If you use cheap pads, no grease or get the grease where it shouldn't be and/or do NOT resurface or replace rotors if it is needed, it is likely to create brake noise.

Read the instructions that came with the pads, some have special instructions about what material to use, or NOT use, between caliper and pads, do what ever the instructions say. NO instructions, either a thin layer of disc brake grease between them or some of the anti-noise goop.
 

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Discussion Starter #4
Thank you very much Mongo, will follow your instructions and go from there, I've removed the 2 bolts that hold the caliper on but having a hard time to remove the caliper from the rotor, some how or something there holding that caliper in place, will try it again this weekend, once again thank you for instruction.
 

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There is a clip holding the top of the caliper on. You should see it it's just a bent piece of metal just push down on it and pull the top of the caliper away from the rotor first. I had to hit mine a few times with my hand while pushing that piece down. Same goes for removing the pads from the rotor the out side pad slides down of the caliper I had to hit that a little as well and use a screw driver to get it moving. The inside pad has metal clips holding it in you just pull it straight out. You should see all these clips on your new pads so you know what I'm talking about. That's it bro 30 minuet job no big deal don't for get to re-lube the slides or bolts before you put them back in I throw some on the back of the pads to. Pads lube and the little tool to push the caliper piston back in was less then $60 and I got the ceramics. Autozone has rear pads for $21 but there medal no big deal just which ever your preference is.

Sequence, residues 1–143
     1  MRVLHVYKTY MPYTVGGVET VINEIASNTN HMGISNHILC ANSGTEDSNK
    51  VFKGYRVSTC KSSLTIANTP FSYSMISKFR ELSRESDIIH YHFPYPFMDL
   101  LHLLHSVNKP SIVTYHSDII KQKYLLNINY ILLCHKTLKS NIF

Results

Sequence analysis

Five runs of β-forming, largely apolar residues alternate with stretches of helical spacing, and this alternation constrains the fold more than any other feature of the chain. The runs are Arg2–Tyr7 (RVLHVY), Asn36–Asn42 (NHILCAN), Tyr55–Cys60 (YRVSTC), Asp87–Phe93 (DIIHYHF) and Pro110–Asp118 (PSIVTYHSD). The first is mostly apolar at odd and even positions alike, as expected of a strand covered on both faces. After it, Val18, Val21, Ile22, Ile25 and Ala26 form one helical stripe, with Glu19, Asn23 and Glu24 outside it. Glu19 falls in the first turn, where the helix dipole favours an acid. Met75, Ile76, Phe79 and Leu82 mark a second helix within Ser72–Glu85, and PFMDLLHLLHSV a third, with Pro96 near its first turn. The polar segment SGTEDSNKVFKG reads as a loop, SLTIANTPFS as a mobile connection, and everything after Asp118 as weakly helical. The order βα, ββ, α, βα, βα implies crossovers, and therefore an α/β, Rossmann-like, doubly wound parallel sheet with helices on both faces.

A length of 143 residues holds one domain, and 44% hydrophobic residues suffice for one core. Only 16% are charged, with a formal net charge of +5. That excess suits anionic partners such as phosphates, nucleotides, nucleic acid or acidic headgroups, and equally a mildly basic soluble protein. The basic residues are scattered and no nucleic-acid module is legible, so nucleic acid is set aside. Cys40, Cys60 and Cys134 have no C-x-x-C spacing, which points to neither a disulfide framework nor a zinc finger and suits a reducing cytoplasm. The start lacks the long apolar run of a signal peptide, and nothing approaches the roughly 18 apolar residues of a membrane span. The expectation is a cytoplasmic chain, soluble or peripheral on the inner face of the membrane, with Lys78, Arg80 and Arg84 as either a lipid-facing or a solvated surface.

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Discussion Starter #6
Hi Sal,
You have pic or video clip by any chance, could not located that piece of metal clip and thank you much for info, I appreciated it.
 

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There is the clip like already described, but don't forget another possibility you can't get the caliper off;

    • If there is too much clamp from the caliper, or the rotor has a ridge worn into it, and it interfers with removing the caliper, you may need to force the piston a bit back into the caliper to give you space. Use a C-Clamp, I have also carefully used a big screw driver as a lever to force the piston side of the caliper against the rotor and push back the piston a bit.
There could be a bit of a ridge worn into the rotor and it intefers with the pads as you try to pull off the caliper and pads. If that is the case, you have to push the piston of the caliper back in a bit, that will pull the pads away from the rotor and give you some room.

Use a big screwdriver or C-Clamp, heck sometimes you can even do it by hand, but you have to move the caliper realative to the rotor, so that side of the caliper with the piston in it moves toward the rotor surface a fraction of an inch, that will force the piston back a bit.